2. Dr. Joyce Brothers, "Date Rape", _St. Louis Post-Dispatch Parade_ (Sunday magazine), Sept. 27, 1987, pp. 1, 4-6
In a landmark survey of 7000 students at 35 colleges and universities across the country, financed by the National Institute of Mental Health, Mary P. Koss of Kent State University discovered some startling facts:
* One woman student in eight had been raped, according to the legal definition, in the year previous to the survey. Rapes since the age of 14 raised the number to 25 percent.
* Ninety percent of the women knew their assailants, and 47 percent of the rapes were by first dates or romantic acquaintances.
* More than 90 percent of the women did not report the rape.
*One out of 12 men admitted to having fulfilled the prevailing definition of rape or attempted rape, yet none identified himself as a rapist.
Subsequent studies at individual colleges have confirmed these figures. They indicate that date rape occurs all over the country, in every socioeconomic group and at every age. The main victims, however, are women between 15 and 24. . . .
Gloria Fischer, a psychologist, surveyed more than 400 students at Washington State University and found that 5 percent of the women and 19 percent of the men did not define forcible sex or the man's coercion as unacceptable behavior. Rather, they felt that, UNDER CERTAIN CONDITIONS, it might be acceptable for a man to force sex on his companion. These included if the couple had been dating for a long time, if she had let him fondle her, if she wasn't a virgin or if she had "led him on". . . .
Three Texas psychologists probed the attitudes of 268 college men aged 19. The researchers found that the men fell into two groups: those who held traditional views of sex roles and those who didn't. The traditionalists thought that men, not women, should ask for dates, pay for dates, make decisions about dating activity and initiate any intimate behavior. The nontraditionalists believed in equality between the sexes.
The men were presented with different scenarios. In some, the woman asked the man out or bore all the expenses of the evening. In others, the couple spent the evening alone in the man's apartment or went to a movie. The college men were asked to indicate in which of these dating situations the man would be justified in forcing his attention [notice the euphemism] on the woman against her will.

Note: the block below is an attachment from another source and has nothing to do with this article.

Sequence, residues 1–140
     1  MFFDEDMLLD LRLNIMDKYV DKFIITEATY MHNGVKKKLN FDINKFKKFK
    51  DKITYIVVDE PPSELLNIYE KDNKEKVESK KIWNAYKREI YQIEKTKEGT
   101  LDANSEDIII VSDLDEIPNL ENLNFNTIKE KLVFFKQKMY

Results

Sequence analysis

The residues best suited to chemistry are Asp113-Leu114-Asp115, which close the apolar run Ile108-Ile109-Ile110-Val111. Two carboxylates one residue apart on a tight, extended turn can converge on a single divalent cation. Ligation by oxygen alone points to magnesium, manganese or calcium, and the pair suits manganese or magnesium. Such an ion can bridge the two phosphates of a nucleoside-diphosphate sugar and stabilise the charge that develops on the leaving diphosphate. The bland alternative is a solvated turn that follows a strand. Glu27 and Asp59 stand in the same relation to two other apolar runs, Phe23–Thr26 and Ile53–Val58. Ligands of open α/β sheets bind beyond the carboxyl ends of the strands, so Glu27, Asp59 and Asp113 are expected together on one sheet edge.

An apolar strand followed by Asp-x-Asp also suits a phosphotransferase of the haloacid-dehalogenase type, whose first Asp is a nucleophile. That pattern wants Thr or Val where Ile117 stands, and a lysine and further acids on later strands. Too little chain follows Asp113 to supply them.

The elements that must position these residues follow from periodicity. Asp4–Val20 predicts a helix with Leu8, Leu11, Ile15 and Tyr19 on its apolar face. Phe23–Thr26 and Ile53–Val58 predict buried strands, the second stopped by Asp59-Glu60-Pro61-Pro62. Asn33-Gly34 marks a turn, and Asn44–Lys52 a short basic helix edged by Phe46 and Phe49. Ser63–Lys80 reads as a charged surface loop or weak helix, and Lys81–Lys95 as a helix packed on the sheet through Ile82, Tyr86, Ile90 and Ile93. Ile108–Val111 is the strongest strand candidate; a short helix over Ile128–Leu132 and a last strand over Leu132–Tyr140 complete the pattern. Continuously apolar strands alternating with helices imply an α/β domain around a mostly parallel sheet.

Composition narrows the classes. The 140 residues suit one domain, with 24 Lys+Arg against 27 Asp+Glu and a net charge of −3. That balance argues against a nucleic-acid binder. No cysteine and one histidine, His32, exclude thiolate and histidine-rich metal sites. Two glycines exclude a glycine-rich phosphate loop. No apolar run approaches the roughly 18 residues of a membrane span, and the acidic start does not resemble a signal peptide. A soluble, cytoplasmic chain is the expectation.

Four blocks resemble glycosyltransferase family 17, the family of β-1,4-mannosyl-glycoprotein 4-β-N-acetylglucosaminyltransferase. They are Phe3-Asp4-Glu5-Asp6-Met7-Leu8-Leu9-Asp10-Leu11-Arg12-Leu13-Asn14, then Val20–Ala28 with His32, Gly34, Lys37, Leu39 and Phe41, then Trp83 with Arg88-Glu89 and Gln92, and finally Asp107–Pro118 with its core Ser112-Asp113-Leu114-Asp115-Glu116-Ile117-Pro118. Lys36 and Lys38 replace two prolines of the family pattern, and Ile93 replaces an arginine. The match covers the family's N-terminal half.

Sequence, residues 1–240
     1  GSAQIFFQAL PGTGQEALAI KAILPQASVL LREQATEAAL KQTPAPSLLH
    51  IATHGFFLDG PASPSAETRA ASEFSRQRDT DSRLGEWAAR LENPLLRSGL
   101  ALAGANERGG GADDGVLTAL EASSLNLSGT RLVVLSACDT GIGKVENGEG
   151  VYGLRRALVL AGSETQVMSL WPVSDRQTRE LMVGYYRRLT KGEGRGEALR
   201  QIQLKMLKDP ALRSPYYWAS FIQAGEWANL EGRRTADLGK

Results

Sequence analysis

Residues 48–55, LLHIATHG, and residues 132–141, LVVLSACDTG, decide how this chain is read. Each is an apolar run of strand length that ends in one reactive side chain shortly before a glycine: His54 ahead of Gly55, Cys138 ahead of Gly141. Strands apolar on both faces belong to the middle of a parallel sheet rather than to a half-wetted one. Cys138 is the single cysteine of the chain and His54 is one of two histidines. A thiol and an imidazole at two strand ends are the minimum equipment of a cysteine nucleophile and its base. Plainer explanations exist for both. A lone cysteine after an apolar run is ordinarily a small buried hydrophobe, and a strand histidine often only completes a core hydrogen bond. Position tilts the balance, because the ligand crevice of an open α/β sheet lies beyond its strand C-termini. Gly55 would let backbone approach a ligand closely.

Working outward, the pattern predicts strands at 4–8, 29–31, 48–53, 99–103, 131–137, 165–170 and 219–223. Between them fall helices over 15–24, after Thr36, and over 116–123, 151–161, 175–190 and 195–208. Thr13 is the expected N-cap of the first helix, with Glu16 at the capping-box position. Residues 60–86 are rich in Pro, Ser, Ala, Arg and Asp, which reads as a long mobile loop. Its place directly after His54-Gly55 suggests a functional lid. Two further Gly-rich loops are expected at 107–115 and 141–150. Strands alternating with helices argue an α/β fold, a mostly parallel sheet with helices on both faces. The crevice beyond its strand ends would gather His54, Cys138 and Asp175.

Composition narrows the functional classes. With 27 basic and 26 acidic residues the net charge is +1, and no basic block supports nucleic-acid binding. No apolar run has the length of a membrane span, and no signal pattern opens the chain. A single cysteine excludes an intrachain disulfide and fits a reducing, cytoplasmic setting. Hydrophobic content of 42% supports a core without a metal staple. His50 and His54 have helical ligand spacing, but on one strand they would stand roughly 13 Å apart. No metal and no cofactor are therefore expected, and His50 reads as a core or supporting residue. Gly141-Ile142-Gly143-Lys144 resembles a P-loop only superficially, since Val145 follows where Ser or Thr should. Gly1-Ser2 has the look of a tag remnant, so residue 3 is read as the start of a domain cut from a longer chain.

The good news is that 80 percent of the men said that "rape" was never justified - under any circumstance. The bad news is that 20 percent felt that, in some instances, it was. Most of these men held traditional views of sex roles. They believed that a woman was leading a man on if she asked him for a date, went with him to hjis apartment or allowed him to pay for all the expenses. Most traditionalists, and even some nontraditionalists, believed that this implied a sexual invitation, which the woman had no right to withdraw later on.
The study was done by Malamuth of Univ. of Manitoba Harber and Feshbach of UCLA, in the _Journal of Research in Personality_ 14 pg 121-137 1980. A study of UCLA undergraduates of both sexes response to rape. A rape story was read by the subjects, who then answered questions. In the story a male undergrad asks a female undergrad if she wants a ride to her dorm. She says no, he thinks she is being, "an arrogant bitch" he then forces her into the car and rapes her.
36% of the men self-reported sexual arousal while reading the story. 37% identified with the rapist. 26% said the rapist was justified (presumably because of the perceived insult). 38% said the victim enjoyed being raped, while 47% of the women said the woman enjoyed being raped (I am shocked by this). 8% of the men said the victim could have stopped the rape, while 57% of the women thought she could have stopped it. 36% of the men thought *all women* would enjoy victimization, while 32% of the women thought *all women* would enjoy victimization.
The worst part is 49% of the men said that the believe that other men would rape if they could get away with it. Even more horrendous on a scale of 1-5, 1 being most likely, when asked if *THEY* personally would rape if the could get away with it 51% fell between 1 and 2, and 21% fell on 3.
"Females as well as males, however, seemed to believe some myths about rape. For example, subjects believed that over 25% of the female population would derive some pleasure from being victimized. For female subjects this finding is particularly interesting in light of their very clear assertion that they personally would not under any circumstances derive pleasure from such vicitminization.
With respect to the male population's potential involvement in rape even higher percentages were indicated. Subjects believed that close to half the male population would rape if they were assured that they would not be caught and punished. With respect to their own potential involvement, males do report, quite surprisingly, similar opinions. That is , over half of the sample do not rule out the possibility that they would engage in sexual assault if they could not be caught. These findings may be interpreted as providing some support for the contention that rape is an extension of normal attitudes and socialization practices in our society rather than totally the product of a sick and aberrant mind. If within the normal educated population there is a sizeable proportion of males who believe that they might be inclined to rape if they would not be punished and if both males and females perceive half the population to be so inclined, then it is quite apparent that people generally do not view rape as potentially committed by deviants only."